It's also called the Paleo Diet. It's popular with Crossfit practitioners. If you ignore all the "this is how cavemen ate" justifications, it's basically just another low carb diet. And not that far from Michael Pollan's prescription of eating mainly lean meats and fresh fruits and vegetables.

vbspurs said...

OT: Harumph. After all the MEGAJUICY revelations in the book, one which prompted a Senate Majority leader to apologise to the sitting US President yesterday, turns out that today, Anderson Cooper (the reporter assigned to the story by 60 Mins) will be doing only the Sarah Palin angle. Typical, so typical of 60 Mins, a shadow of what the show used to be in my childhood.

Lem said...

Senator Obiden..

I love it.

vbspurs said...

What a gyp. I mean, if you're on blogs, you learnt nothing from the 60 Minutes segment. Bloggers are WAY ahead of the story, and that's why traditional media are failing.

XWL said...

The song that inspired the diet?

rcocean said...
This comment has been removed by the author.
rcocean said...
This comment has been removed by the author.
David said...

Chris said...
"For what it's worth, I have lost over 100 lbs in the last 8 months following this type of diet & exercise program."

It's called the Ketosis diet. Killed a friend of mine. Glad you got away with it.

rcocean said...

Odd how some person works for the NYT in Manhattan and they know somebody who knows somebody 6 blocks away and then suddenly millions across the USA are supposed to think this is an important "trend".

What would happen if they moved the NYT to Salt lake City. Would the Fashion stories change or stay the same?

Anyway, the story sounds like a Seinfeld episode.

Pastafarian said...

One of my college roommates had once read a book called "The Paleolithic Prescription" that put forward this same theory, and this was about 25 years ago, so this is nothing new.

He lived by it, and I made fun of it, based on the same flaws others in this thread have already pointed out -- heart disease would be much less prevalent if the average life-expectancy is in the 30s, with infected wounds and untreatable injuries resulting in most deaths.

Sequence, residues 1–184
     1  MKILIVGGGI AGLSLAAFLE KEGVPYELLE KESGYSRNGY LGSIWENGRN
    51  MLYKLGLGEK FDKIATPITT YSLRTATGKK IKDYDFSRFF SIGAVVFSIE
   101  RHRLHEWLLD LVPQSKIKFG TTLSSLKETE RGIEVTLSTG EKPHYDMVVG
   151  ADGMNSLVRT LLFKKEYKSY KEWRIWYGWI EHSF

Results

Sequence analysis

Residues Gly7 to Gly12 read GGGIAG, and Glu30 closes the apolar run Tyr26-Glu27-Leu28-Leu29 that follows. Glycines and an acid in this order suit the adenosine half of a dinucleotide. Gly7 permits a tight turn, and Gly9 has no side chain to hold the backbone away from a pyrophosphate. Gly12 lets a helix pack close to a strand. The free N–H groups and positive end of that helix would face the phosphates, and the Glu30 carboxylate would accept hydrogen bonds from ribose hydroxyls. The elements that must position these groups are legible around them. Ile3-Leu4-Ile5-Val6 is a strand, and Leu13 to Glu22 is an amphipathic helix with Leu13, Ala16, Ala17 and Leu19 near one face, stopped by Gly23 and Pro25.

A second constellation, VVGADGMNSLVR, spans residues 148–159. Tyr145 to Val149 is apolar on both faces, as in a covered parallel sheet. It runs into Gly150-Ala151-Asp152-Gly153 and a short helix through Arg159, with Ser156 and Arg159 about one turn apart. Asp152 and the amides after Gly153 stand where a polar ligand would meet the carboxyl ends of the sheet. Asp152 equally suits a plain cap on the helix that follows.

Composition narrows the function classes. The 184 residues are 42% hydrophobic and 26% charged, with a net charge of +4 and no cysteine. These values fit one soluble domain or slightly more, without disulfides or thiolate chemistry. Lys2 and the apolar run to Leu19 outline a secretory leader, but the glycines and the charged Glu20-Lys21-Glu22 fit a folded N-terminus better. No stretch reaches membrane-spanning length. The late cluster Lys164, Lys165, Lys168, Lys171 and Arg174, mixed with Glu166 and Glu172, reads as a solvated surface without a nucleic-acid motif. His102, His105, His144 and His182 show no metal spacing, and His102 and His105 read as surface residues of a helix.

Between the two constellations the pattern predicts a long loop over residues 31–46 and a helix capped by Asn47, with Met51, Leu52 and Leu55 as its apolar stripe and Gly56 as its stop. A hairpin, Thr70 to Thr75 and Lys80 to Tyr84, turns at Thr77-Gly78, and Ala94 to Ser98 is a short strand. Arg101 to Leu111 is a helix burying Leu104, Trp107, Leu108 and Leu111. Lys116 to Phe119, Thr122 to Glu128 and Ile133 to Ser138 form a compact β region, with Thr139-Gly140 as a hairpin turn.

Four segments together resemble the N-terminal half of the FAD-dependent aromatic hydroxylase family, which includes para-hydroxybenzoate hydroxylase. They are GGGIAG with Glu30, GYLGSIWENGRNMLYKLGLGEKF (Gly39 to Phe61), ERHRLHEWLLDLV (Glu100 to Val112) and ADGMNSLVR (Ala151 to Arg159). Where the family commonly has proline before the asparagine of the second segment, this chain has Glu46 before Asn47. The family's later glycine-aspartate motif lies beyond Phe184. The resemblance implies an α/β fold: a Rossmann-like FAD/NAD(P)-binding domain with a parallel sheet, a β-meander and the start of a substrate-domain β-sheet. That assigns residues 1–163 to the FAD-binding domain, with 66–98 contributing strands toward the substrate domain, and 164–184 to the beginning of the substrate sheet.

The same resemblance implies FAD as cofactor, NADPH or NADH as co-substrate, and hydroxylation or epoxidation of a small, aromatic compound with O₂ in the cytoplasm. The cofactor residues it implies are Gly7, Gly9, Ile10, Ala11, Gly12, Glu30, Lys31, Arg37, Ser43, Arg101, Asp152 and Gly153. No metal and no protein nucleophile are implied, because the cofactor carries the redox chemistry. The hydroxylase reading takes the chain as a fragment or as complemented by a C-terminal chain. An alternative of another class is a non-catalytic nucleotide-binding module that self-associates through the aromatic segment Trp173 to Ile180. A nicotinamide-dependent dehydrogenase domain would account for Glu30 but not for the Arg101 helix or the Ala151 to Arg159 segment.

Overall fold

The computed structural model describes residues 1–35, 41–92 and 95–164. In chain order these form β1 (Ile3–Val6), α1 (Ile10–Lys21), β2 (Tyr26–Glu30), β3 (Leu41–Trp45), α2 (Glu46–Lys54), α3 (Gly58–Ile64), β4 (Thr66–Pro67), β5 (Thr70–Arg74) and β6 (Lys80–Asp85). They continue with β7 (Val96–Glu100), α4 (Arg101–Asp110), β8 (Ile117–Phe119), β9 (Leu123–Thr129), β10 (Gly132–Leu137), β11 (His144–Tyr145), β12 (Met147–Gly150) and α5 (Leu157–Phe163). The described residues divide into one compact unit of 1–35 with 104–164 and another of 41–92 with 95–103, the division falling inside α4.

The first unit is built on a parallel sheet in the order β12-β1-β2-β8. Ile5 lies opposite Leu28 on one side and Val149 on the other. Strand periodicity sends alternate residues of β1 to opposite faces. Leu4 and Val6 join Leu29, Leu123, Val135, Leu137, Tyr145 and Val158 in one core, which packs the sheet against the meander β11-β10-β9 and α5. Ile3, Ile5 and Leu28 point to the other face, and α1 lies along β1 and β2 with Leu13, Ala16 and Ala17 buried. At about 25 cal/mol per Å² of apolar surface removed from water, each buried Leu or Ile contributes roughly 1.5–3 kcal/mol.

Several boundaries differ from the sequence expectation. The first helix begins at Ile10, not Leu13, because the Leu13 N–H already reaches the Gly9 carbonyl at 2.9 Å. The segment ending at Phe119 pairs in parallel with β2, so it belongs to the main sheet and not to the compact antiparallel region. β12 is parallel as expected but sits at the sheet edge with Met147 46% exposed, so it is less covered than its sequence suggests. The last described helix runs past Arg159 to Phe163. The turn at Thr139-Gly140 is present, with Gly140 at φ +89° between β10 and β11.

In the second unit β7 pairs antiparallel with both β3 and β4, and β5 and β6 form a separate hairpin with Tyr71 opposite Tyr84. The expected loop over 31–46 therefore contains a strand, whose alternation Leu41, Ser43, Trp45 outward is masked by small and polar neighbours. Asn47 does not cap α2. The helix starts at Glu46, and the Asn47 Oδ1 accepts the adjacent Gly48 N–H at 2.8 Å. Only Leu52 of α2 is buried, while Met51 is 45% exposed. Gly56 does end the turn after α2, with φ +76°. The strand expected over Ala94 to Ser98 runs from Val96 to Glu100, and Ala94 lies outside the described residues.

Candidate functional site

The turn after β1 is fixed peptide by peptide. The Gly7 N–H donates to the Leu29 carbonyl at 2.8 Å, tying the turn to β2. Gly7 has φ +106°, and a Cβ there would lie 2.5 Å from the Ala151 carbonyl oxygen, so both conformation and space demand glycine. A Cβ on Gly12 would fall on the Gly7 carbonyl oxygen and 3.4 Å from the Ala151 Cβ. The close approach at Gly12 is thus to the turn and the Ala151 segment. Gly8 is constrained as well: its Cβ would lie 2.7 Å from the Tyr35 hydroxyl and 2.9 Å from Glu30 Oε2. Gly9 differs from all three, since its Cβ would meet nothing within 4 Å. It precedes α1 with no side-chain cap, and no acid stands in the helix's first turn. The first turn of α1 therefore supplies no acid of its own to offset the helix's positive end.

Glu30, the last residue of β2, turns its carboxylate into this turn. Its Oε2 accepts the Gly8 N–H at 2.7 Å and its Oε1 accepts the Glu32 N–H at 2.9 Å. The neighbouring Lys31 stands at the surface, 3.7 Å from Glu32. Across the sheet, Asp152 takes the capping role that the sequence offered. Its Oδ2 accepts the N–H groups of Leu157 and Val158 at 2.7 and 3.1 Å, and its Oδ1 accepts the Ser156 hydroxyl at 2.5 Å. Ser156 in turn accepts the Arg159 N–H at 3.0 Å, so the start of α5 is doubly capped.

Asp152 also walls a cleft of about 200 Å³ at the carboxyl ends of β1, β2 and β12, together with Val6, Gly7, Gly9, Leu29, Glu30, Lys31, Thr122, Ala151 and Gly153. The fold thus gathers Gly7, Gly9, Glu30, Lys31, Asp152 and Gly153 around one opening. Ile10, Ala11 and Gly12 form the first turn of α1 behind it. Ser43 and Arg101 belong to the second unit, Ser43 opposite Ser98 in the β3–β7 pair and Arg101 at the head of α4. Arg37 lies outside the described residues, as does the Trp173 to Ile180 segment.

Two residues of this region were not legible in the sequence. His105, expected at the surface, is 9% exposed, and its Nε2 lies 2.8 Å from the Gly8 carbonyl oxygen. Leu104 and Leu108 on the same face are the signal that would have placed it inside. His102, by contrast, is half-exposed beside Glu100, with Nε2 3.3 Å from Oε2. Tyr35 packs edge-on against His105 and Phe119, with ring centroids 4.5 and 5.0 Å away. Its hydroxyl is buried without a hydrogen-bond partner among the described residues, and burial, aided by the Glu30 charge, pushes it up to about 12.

I would like to note, however, that this same roommate had been physically described, by multiple people independently, as a cross between Fred Flintstone and Barney Rubble.

I'm not sure if this resemblance is what caused him to embrace this theory; or if his caveman diet led to this resemblance.

But I do agree that this theory does make some sense, if taken in moderation. Some foods are probably unhealthy to us because we haven't been exposed to them for enough generations to have evolved a capacity for dealing with them. Pastries contain more carbs and fats than we'd ever have found in nature, and yet we gobble them up like a dog licking up antifreeze.

Oligonicella said...

traditionalguy --

Got any links to that A/B/O dietary stuff that don't originate from someone selling a diet program?

Chip Ahoy said...

Chris, thank you for those two links. They're very interesting. I bookmarked them.

Titus said...

Althouse, your review of this story is the most hilarious thing I have ever read on this site.


Absolutely brillant.

Jerky. Totally great. My father shoots a deer every year and he makes deer beef jerky and deer sausage. When I ate meat it was great but I am now a vege, thanks for asking and yes I am totally proud of it.

FYI-I did a NYC caveman a couple years back. I too was concerned about the freezer. But once I got over it the sex was great.

Went to Baraka Cafe last night with husband. It was delish. Had the couscous with fava beans and lemonade with rose pedals. It was an Algerian orgasm.

Run don't walk to Baraka Cafe in Cambridge fellow republicans. There is an old women wearing whatever those muzzies wear yelling at everyone. Also, in the tiny bathroom is a picture of a wolf and some note about how awful Sarah Palin is.

It's totally small and fab, natch.

LonewackoDotCom said...

Fun quiz!

1. In the past year, I've done the following to try to attempt people to deal less with the circus/horserace aspect and more with things that matter:










2. In the past year, I've taken the following steps to try to show ACooper's viewers how he can't be trusted:










(Feel free to use an extra sheet).

Penny said...

"The part that irritates and amuses is the transformation of a diet & exercise regimen into a lifestyle through the magical mediocrity of the Times' Fashion & Style section"

Is that what just happened here? Frankly, I was thinking just the opposite, Palladian. Although I have to admit to somehow blaming the messenger, not unlike you.

My take was that there was a relatively small bunch of folks out there who had this lifestyle "thing" going. If only in their own minds, and in their small, did they really say caveman?, circle.

And then along comes the NYT's Lifestyle reporter, doing what it is they're supposed to do. Um...like REPORT.

When I first read this, I am thinking about how this small circle, was about to get A LOT larger, now that the NYT's gave them some visibility.

Your take seems to be that the NYT's is responsible for there being "cavemen" in the first place.

Is this a chicken-egg dilemma?

Penny said...

XWL, that was a funnier than hell, link! haha

Feeling very Bertha!

Penny said...

Oh, and some killer bass too!